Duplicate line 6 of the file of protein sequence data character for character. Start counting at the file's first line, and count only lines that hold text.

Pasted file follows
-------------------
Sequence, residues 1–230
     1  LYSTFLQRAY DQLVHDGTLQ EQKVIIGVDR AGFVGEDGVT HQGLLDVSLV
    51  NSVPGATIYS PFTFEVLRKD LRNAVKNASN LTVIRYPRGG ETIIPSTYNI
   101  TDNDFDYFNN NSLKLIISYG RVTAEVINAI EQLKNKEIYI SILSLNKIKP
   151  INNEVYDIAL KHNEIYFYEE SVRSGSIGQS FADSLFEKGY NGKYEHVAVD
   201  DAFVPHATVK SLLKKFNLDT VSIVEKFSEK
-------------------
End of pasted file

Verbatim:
   201  DAFVPHATVK SLLKKFNLDT VSIVEKFSEK